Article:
From the Lab: Play Games on Your Smartphone

After a disaster, play games on your smartphone.

That’s the takeaway from a recent study as summarized by Art Markman in Psychology Today.

In the study, researchers tracked cell phone use following a major earthquake in China in 2013. What they found was that while everyone felt a similar level of threat shortly after the event, those who spent more time using “hedonic” (i.e., pleasurable) apps on their smartphone—like games and music players—recovered more quickly than those who used them less.

While some may dismiss this strategy as simply “numbing the pain,” sometimes that’s exactly what people in pain need. And while the experience of public speaking is nowhere near that of surviving a natural disaster, it’s likely that the same recovery strategy will work. Therefore, if you find yourself feeling particularly stressed after a communication “disaster,” it may be beneficial to pull out your smartphone and play some games or listen to music until you calm down enough to debrief it more rationally.

From the Lab: Put Away Your Phone (Redux)

Previously, I’ve written about the negative effects of cell phones on interpersonal communication, and advised that while speaking, you should put your phone away.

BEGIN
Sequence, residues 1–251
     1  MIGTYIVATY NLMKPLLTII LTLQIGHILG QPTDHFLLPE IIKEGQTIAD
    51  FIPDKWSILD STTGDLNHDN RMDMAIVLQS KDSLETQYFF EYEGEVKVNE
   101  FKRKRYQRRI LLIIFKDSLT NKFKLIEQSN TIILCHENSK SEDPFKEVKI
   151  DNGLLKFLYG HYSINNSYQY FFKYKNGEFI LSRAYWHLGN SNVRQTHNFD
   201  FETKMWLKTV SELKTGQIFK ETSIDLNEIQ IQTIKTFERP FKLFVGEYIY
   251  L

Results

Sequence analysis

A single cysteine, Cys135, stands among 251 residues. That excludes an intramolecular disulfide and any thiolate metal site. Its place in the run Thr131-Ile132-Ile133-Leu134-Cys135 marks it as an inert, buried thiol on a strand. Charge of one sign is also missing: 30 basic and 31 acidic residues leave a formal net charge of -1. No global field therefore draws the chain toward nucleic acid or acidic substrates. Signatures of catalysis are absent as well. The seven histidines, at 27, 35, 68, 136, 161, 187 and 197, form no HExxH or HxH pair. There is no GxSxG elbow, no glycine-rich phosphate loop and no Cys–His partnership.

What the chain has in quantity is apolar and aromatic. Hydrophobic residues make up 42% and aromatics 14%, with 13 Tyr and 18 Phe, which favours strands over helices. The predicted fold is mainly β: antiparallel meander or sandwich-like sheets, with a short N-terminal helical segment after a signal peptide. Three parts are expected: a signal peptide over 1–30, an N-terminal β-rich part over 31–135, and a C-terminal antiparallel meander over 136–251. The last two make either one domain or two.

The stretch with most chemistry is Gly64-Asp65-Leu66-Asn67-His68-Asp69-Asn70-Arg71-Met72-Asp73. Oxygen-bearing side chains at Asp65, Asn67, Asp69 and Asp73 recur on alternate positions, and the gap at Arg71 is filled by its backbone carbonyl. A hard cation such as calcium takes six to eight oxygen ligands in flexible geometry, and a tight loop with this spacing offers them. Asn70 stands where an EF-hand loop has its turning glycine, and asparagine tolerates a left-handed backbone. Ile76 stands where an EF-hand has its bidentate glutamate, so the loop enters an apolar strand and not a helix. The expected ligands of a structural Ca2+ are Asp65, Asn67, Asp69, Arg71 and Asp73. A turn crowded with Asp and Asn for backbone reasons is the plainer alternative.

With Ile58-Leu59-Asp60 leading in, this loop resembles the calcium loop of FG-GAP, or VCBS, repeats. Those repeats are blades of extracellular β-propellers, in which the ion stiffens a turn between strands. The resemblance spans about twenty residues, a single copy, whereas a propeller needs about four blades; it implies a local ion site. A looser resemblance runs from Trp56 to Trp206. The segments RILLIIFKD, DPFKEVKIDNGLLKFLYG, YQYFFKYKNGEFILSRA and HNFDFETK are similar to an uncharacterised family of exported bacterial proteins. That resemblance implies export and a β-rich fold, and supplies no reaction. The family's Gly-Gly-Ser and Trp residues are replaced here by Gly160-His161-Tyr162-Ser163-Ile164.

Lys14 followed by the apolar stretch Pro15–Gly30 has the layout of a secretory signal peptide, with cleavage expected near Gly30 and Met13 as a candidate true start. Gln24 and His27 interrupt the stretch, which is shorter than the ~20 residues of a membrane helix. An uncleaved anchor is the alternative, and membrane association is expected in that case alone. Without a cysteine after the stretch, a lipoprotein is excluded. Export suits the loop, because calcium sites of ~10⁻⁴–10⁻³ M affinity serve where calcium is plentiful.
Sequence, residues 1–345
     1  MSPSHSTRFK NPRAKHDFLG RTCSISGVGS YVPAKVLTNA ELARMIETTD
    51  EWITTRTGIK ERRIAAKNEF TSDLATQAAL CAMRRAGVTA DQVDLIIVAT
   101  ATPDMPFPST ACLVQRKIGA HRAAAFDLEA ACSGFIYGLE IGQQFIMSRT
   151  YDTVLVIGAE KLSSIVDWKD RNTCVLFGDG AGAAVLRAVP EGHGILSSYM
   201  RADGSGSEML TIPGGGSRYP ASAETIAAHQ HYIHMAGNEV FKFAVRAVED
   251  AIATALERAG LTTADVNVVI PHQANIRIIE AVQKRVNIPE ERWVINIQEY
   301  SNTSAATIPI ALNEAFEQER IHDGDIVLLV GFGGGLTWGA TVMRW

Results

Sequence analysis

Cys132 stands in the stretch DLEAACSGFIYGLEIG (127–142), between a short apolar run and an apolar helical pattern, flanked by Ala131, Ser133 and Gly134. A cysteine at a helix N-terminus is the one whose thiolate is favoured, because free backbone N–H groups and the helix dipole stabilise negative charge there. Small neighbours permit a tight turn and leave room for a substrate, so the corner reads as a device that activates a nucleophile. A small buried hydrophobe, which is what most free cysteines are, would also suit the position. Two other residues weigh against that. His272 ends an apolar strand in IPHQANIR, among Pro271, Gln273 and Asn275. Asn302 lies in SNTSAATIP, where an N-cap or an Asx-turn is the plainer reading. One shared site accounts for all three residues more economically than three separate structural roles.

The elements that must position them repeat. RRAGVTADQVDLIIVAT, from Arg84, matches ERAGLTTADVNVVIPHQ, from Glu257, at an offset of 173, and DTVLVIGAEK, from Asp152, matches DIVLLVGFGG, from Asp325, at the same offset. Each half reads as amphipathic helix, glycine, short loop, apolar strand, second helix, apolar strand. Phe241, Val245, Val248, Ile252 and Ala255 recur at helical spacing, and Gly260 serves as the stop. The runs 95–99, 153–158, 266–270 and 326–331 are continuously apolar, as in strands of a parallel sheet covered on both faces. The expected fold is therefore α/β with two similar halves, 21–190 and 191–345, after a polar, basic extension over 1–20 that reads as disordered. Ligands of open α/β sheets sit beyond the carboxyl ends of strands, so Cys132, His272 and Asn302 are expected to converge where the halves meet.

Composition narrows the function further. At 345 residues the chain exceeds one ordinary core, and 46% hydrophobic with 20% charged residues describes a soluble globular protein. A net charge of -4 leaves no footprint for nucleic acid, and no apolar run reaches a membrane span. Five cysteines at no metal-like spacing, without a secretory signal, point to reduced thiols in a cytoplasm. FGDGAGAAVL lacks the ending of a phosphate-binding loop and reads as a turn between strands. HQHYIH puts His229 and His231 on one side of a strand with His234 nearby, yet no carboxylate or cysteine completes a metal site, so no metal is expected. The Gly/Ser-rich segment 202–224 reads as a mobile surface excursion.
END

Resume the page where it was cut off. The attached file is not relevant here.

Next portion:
According to a new study at UT Austin, there are even more reasons to do this: in addition to harming relationship quality, trust, and empathy, having your cell phone nearby can reduce working memory and intelligence.

The following graphs illustrate the effect. Compared to having your cell phone in the other room, simply having it on the desk in front of you can reduce your working memory capacity by an astounding 10%, and your fluid intelligence by 5%. In the case of working memory, just having your phone in your pocket or bag can have a significant negative effect as well (though in the case of intelligence, the effect is no longer significant). So whenever you’re presenting (or doing anything important), be sure to put that phone away!

From the Lab: Put Away Your Phone

In a 2012 study, Andrew Przybylski and Netta Weinstein found that the mere presence of a cell phone in the room with two people sharing a meaningful conversation significantly degraded their relationship. When a cell phone was present, the pair reported lower relationship quality, less closeness, less trust, and less empathy—despite the fact that the cell phone wasn’t even theirs! (A later study clarified that the cell phone must be noticed to have an effect—the issue here is distraction, not some magical wireless juju.) These findings were later replicated in a real-world study of people in coffee shops. Of course, a recent study suggested that the vast majority of us have already noticed this effect of cell phones ourselves. Furthermore, another study found that the mere presence of a cell phone can be a distraction from other kinds of tasks as well, impeding performance on tasks requiring sustained attention.

While many speakers lay their phones on the table in front of them, this research suggests that there can be serious consequences for doing so—both in terms of how your audience views you, and how they receive your presentation. Given the power that cell phones have on us, it’s a good idea to put yours away, and if possible, to get your audience to do the same.